As climate warms and tick populations grow, Quebec turns to science to combat rising rates of Lyme disease
Researchers are mobilizing to track and control Lyme-carrying ticks and their hosts
This is the fourth in a series of Quirks & Quarks stories on how science and technology are working in regions and communities across Canada facing unique challenges of climate change.
Public health officials in Quebec are concerned about how climate change is opening the door to new insect-borne illness like Lyme disease.
Lyme disease is carried by ticks, and as the climate warms, tick populations are being established in parts of the province where they've never been a problem before.
The key for ticks to survive and thrive is temperature and the duration of consecutive warm days during their two-year life cycle, said Dr. Nick Ogden, a veterinarian and public health expert.
"It's the amount of warmth in spring, summer and autumn. And that has increased quite noticeably in recent decades," said Ogden.
Quirks and Quarks: Climate change series
When he's not putting pandemic plans into place for COVID-19, Ogden heads a research team at Health Canada that looks at how climate change impacts animal-borne diseases.
One of the team's key research areas is Lyme disease, in particular the blacklegged tick, Ixodes scapularis, that's responsible for spreading Lyme disease in Quebec. The blacklegged tick has historically been found farther south, in the East and Midwest of the U.S.
Ogden said warmer temperatures contribute to increasing numbers of ticks in Quebec. Longer, warmer summers have increased the rate of tick reproduction, and thus the number of ticks that can potentially carry disease.
According to Virginie Millien, an assistant professor at McGill and curator of zoology and paleontology at McGill's Redpath Museum, warmer temperatures also benefit one of the tick's most important hosts, the white-footed mouse, which has expanded its range northwards, and outcompeted other mice.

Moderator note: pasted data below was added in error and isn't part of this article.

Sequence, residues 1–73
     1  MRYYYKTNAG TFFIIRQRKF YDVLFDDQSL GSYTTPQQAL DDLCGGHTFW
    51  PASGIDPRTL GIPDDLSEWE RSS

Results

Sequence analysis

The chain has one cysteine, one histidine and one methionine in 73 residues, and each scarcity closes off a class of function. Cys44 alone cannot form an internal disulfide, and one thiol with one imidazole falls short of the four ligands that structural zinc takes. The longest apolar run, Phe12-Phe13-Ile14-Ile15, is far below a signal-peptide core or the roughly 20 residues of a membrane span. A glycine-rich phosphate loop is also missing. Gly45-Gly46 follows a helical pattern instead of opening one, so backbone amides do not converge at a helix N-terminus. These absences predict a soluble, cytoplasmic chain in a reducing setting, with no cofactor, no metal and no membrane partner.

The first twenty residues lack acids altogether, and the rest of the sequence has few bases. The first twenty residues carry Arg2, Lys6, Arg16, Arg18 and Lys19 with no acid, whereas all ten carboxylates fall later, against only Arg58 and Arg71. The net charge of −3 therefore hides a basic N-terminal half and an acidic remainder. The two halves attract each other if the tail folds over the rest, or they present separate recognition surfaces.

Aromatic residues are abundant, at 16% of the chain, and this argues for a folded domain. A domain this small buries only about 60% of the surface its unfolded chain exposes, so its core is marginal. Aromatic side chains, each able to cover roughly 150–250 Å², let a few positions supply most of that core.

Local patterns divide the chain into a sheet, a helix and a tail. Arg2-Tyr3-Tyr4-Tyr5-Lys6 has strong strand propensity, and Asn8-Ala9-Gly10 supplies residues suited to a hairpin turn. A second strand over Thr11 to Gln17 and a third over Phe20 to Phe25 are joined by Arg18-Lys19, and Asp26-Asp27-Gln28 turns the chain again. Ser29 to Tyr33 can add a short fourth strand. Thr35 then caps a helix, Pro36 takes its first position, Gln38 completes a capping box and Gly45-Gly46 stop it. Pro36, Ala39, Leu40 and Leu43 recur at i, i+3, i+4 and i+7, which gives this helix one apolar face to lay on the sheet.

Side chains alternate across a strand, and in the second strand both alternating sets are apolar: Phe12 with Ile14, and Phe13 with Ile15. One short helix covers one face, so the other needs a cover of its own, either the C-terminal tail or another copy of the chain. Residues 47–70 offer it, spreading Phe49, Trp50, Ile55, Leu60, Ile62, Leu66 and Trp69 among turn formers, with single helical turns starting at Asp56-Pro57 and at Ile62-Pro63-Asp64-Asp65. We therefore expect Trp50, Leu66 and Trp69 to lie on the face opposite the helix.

The result is that Lyme disease has become a far more pressing health issue in southeastern Canada than ever before.
Increase in Lyme disease cases
In Quebec alone, there were 338 Lyme disease cases contracted locally in 2019 — 115 more than the year before. Back in 2004, there were only two reported cases — and those people contracted the bacteria outside of Quebec.
It's an issue in other parts of the country as well. Federal public health data collected from the provinces found that reported Lyme disease cases increased from 144 in 2009 to 992 in 2016. (Data from 2018 shows 1,487 reported cases, but that number also reflects updated — and more flexible — ways of diagnosing Lyme disease cases.)
Not every tick bite will infect you. But if you do contract Lyme, it can cause terrible illness. If untreated, severe symptoms can last months — even years. These can include intense headaches, rashes, neurological and cognitive issues, arthritis and even heart disorders.
Mélissa Laporte-Parenteau learned that first hand. Growing up in Quebec she had never heard of Lyme disease, but in 2017, she contracted the bacteria while camping in upstate New York.
"It was a Saturday morning. I was lying in my bed and my husband was there with me and he saw that under my armpit and on the side of my chest, I had like a big red spot and there was like a red bulls-eye rash, and we never saw something like that."
She had the characteristic "bulls-eye" rash, and other symptoms, including back pain.
Laporte-Parenteau was lucky. Her infection was caught quickly and treated successfully. However, when Lyme disease lingers, it can potentially wreak havoc on multiple systems in the body.
But Lyme disease is bad news not just for the patients who suffer serious symptoms, but for Quebec in general. That's because the disease risk is highest in places like the municipality of Bromont, in the Estrie, a region in the Eastern Townships, Quebec's tourist playground famous for summer and winter outdoor activities.